Talkin’ ’bout my generation: the trouble with defining target audiences

Every day there’s a new article about how to market to millennials, or baby boomers, or new moms – some target audience that marketers think they can dissect, peeling away the layers of the proverbial onion to get to the core of what makes people take out their wallets. Every day also brings a new crop of articles about how those other articles got it wrong.


Clickbait like 3 Marketing Myths That Make Millennials Hate Your Brand has become de rigueur on the marketing blog circuit. It’s a cycle of promises that looks something like this: While every marketer and advertiser has to know who they’re speaking to, the problem with drawing conclusions about whole generations is that you’re aiming at a moving target; people change, society shifts, and individuals move from group to group (as millennials grow up and/or become parents, for example). There’s also the danger of misreading evidence and confusing cause and effect.

For example, one thing I read all the time is that millennials are narcissistic. The evidence seems to be that they post a lot of selfies. But would baby boomers have posted selfies if it had been an option? This is the generation behind the sexual revolution – they were changing the world and they knew it. I’m pretty sure there would have been a few mud-soaked topless selfies taken at Woodstock.

The other common mistake is to take a very common trait, like being price-conscious, and decide that it defines a generation. Almost everyone is price-conscious to a degree (even if they buy high-end, luxury items), but that’s not synonymous with spending as little as possible. This was one of the myths featured in the Inc. article mentioned above. A better way of putting it is value-conscious; people of all generations are willing to spend money on things that matter to them. But hasn’t that always been true, at every price level and in every economy?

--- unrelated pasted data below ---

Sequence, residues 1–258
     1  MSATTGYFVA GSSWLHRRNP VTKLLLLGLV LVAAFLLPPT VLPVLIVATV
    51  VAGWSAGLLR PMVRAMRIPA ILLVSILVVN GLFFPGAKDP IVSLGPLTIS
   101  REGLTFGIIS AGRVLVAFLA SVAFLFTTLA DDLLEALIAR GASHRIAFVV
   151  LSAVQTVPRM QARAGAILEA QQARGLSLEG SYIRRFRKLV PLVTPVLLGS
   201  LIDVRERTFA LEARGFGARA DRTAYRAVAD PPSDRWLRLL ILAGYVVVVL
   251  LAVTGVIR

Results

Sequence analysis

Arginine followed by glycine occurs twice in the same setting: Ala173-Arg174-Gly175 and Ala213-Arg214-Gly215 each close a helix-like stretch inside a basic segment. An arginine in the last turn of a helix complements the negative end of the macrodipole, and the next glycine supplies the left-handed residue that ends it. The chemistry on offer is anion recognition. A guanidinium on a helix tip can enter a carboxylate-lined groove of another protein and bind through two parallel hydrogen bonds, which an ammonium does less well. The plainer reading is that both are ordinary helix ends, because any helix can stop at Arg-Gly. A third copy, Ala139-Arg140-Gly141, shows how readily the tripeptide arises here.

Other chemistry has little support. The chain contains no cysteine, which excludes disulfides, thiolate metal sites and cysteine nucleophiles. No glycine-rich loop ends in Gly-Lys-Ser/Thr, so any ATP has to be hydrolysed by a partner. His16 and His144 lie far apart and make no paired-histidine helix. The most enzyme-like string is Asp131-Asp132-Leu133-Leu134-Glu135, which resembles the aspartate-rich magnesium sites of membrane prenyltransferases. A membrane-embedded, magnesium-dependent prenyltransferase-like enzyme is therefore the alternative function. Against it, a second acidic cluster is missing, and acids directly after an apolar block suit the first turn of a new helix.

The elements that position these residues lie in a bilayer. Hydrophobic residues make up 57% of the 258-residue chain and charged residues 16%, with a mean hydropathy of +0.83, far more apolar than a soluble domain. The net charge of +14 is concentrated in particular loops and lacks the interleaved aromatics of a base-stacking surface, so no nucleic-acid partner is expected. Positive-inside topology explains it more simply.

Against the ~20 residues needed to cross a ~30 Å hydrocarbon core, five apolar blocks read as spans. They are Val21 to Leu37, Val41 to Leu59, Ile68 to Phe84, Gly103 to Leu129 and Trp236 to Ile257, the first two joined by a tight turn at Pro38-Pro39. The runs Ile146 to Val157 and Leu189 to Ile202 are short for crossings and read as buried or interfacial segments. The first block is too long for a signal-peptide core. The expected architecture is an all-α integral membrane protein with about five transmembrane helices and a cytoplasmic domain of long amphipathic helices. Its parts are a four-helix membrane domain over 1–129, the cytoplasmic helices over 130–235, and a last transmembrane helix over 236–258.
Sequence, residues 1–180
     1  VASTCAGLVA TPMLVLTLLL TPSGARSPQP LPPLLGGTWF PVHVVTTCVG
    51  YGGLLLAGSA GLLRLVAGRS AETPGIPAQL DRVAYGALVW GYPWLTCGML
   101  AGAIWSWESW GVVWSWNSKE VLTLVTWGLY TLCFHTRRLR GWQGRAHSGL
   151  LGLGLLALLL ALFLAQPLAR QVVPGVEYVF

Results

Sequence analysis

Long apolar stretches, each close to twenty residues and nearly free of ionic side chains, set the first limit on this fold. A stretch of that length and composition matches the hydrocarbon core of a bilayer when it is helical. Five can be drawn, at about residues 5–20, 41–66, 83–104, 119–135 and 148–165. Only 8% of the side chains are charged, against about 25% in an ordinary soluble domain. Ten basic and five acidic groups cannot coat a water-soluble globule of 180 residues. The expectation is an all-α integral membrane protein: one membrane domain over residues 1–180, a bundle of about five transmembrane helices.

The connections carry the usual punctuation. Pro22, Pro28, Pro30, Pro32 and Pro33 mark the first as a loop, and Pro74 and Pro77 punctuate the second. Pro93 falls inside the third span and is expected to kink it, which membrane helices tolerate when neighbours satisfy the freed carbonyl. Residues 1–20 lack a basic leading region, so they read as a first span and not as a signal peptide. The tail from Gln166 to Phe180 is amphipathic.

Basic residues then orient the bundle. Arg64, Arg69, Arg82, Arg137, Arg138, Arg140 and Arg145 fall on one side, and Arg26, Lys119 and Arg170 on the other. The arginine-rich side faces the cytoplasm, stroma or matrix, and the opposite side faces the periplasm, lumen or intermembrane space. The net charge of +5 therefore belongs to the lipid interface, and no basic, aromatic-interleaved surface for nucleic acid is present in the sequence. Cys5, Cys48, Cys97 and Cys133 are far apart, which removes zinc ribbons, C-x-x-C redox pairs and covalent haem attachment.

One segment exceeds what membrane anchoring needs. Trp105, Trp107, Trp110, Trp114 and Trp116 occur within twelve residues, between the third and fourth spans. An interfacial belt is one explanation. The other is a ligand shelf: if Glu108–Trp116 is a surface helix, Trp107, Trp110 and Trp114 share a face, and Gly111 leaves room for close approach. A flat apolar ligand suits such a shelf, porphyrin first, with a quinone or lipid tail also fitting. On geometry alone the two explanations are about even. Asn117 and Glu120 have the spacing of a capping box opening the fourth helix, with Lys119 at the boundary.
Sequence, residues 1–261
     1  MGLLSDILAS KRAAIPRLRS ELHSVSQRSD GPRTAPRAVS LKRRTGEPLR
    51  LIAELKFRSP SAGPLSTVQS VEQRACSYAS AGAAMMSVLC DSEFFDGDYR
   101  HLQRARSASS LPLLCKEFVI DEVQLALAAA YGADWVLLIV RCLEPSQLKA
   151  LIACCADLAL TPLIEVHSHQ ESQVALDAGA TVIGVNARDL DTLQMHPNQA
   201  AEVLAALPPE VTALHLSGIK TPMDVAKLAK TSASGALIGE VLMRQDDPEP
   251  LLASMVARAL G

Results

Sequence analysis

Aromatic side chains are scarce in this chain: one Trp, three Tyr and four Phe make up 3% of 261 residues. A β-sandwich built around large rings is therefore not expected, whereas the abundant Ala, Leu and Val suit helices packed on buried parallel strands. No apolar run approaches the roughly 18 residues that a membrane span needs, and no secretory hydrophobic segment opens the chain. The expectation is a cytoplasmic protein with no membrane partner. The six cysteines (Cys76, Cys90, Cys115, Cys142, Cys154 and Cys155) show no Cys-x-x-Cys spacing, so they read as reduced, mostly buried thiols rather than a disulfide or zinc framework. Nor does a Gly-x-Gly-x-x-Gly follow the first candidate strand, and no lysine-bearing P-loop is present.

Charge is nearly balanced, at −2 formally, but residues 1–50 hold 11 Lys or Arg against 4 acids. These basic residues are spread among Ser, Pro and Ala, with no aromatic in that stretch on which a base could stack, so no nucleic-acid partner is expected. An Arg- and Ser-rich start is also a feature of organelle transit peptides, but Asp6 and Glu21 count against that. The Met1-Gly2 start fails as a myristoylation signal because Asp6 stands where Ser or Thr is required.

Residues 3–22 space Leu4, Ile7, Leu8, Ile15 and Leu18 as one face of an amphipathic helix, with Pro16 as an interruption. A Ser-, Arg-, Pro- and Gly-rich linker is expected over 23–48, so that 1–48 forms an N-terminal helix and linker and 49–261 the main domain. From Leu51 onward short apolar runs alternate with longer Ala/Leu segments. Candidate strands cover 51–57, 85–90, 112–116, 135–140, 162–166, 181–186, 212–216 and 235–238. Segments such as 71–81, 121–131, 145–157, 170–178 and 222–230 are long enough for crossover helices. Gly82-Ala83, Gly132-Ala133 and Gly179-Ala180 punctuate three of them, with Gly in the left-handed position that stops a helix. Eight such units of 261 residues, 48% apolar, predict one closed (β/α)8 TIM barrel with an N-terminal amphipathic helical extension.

There’s also the most obvious problem of trying to figure out who actually belongs to a target audience (I was born right at the beginning of the millennial generation and I often feel quite different from those crazy Snapchatting kids). So what’s the answer? I think it starts with what you’re selling. What are you really offering people? Everyone ultimately cares about what’s in it for them. If you’re making something cheap to appeal to millennials because you think that’s their main concern, you haven’t given them what they’re looking for. If the product offering isn’t up to par in terms of quality, design, or functionality, you’re not giving them value.

While media choices are a great way to find your target audience (hint: moms of young kids are all on Facebook) when you craft your messaging around assumptions about a large group, you could be getting it wrong. Start with how your product makes people’s lives better (easier, more beautiful, more fun) and they will find you.

Gabriella is the Creative Director at 88 Creative. Follow her on Twitter @gabriellainga.